That’s right, you read that correctly. Amazon is selling a book titled “An Introduction to Camera Game: How to Seduce Women Through Photography” by someone known simply as Goldmund—and it is as unsettling as it sounds.
With sexual misconduct allegations that have swept the creative and entertainment industries in the past weeks, the content of this book seems all too close to the disturbing revelations of men using their professional or artistic status as a way of getting unexperienced girls into bed. The book’s intro seems to hammer home the point that “Photography can enhance your social skills,” which is certainly true as photography is an intimate practice and communication between the photographer and subject is crucial. However, Goldmund goes on to write, “I will break that down so you can start creating pictures of beaming women gazing intensely who clearly have sex on the mind.”
Hold up. Women who “clearly have sex on the mind”? Goldmund continues his intro by boasting about his perfected “script” he uses to get laid, a technique he plans to share in the following 90 pages, to help other dudes more easily manipulate girls through their camera and feigned charm.
With the number of actresses and models who have come forward in the past months about their experiences with unwanted sexual advances, harassment, and abuse from more established men in their industry, this book makes my skin crawl. While it is easy to say that this interpretation is taking it too far, or that Goldmund didn’t intend anything sinister with his book, the bottom line is simple—luring women into working with you in the hopes of using them for sex is sexual harassment in the workplace. This book encourages men to turn up the charisma and promise “experience” to women, all in the hopes of getting laid, thus objectifying the woman. This is a huge problem for a number of reasons. If a woman agrees to a modeling job it is assumed she’d like to be taken seriously, and this approach immediately makes her a means to an end. This highlights one of the biggest obstacles faced by women in creative industries, especially young and inexperienced ones, as they are often seen more for sexual opportunity than for talent and legitimate contribution to a project. Additionally, any man who claims to know what a woman “clearly” wants is automatically wrong in their presumptuous entitlement. The only way to know what a woman clearly wants is if she verbalizes this to you, not if she agrees to your photography shoot and looks longingly into the lens, because…well…that’s her job as a model.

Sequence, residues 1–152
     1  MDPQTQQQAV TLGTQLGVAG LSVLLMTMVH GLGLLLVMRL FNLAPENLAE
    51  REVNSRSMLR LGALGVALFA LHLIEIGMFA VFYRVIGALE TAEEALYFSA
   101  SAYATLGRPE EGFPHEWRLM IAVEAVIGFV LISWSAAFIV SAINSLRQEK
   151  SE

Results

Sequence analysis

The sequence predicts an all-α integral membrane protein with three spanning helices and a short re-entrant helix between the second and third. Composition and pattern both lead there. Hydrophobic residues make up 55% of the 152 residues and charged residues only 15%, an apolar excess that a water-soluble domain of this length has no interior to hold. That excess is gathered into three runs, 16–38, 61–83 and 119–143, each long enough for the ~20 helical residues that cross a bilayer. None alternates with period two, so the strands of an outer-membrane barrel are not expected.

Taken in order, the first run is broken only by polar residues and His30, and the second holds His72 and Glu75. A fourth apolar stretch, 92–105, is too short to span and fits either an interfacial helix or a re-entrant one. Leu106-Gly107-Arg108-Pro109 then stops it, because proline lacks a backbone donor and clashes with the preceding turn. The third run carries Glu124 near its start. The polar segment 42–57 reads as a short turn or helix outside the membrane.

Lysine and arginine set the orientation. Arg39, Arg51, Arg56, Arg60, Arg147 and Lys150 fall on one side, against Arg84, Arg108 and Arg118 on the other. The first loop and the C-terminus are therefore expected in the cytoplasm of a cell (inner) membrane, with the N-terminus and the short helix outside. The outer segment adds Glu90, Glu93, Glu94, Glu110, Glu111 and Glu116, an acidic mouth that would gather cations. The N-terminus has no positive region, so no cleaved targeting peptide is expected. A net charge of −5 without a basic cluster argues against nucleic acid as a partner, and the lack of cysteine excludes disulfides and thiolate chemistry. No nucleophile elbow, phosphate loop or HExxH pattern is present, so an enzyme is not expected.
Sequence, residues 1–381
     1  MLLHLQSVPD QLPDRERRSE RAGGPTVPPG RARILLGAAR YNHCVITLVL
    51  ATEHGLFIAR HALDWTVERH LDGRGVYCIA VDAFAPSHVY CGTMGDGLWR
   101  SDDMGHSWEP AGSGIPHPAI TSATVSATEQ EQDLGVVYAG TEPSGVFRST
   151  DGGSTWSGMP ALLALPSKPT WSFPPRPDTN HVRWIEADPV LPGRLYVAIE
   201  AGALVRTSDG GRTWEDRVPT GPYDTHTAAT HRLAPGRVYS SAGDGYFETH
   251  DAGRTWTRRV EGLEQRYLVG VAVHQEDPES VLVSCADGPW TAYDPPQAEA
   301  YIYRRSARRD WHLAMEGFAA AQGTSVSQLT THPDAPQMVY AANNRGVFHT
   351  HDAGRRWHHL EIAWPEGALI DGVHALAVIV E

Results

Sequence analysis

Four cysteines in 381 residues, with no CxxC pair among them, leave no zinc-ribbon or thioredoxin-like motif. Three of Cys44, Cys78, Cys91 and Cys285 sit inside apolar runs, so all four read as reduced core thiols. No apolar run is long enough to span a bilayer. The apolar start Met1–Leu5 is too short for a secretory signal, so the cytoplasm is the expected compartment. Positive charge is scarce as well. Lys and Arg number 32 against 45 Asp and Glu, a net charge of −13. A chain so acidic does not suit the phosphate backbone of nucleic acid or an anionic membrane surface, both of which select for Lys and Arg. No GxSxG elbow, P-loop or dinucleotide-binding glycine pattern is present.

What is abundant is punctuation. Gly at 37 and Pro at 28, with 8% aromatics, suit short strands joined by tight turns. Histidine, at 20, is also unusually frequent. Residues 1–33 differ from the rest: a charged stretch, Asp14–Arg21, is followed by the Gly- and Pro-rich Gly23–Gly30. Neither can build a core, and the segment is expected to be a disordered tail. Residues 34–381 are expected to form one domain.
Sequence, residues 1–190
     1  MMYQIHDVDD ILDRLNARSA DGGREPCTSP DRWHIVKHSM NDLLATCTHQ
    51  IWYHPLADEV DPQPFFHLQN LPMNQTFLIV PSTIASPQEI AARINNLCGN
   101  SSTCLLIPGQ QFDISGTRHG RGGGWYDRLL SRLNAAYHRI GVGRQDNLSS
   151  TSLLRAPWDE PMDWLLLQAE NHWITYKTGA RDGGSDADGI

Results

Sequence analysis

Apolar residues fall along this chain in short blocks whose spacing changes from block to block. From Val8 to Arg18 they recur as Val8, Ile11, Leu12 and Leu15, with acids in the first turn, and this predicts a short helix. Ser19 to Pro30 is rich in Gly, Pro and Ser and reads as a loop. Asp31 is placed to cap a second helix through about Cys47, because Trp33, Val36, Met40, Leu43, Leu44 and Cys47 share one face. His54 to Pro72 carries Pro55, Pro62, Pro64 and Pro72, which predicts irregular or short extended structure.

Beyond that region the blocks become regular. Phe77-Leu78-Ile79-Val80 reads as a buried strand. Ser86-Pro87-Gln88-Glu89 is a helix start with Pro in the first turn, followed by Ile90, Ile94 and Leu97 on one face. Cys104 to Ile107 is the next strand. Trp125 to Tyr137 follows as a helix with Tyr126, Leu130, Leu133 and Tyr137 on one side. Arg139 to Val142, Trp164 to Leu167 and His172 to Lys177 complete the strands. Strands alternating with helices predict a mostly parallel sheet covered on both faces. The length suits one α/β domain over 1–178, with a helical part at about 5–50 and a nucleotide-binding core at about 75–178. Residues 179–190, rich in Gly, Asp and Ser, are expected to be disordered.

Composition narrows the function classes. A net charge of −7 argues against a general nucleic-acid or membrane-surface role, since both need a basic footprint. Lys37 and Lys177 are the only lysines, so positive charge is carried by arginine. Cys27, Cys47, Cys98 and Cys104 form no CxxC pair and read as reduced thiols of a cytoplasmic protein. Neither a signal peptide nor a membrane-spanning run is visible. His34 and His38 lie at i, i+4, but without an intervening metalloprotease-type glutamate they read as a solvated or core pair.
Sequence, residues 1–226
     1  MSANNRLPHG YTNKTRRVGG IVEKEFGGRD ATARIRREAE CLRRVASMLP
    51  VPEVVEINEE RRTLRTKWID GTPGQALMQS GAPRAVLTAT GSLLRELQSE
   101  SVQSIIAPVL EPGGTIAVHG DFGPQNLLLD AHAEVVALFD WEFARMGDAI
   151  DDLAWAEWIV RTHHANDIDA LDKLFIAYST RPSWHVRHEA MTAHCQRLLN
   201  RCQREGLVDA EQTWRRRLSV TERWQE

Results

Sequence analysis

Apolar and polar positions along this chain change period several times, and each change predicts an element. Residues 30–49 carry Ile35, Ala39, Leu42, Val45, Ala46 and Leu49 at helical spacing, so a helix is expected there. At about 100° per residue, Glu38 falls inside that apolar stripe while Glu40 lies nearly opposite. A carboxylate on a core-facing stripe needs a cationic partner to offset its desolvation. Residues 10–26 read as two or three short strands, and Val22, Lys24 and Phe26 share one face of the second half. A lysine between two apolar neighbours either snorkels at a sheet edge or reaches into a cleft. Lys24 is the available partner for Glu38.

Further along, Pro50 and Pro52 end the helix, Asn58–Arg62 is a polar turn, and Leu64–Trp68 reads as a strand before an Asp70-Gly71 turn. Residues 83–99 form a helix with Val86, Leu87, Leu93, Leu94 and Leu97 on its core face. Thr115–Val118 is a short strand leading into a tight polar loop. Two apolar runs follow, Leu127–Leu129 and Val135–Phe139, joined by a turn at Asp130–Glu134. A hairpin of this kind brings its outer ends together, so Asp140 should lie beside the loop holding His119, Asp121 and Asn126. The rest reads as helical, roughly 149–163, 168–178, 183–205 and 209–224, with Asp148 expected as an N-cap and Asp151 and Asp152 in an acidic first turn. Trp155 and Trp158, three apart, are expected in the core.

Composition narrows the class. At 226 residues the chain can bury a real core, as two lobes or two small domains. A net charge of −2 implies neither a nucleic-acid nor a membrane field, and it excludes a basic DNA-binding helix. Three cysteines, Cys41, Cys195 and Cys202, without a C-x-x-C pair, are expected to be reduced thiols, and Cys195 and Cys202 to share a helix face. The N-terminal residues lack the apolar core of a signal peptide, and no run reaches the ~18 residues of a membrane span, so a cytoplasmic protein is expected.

It is no wonder that 89% of reviewers on Amazon rated the book a 1 star, with many people drawing attention to its blatant promotion of harassment and it’s shocking lack of self-awareness.
Of course there are also those reviewers who rated the book 5 stars, attempting to shame others for their hasty assumptions that “lump all men together” and for their harsh judgement of the book that actually does “offer insight”, give valid “depth and technique details”, and serves as “good motivation” to young photographers. While I don’t doubt that the book’s author may be a skilled photographer with decent insight into the industry, the unsettling underlying message it presents remains the same—and anyone who can’t see this is part of the problem.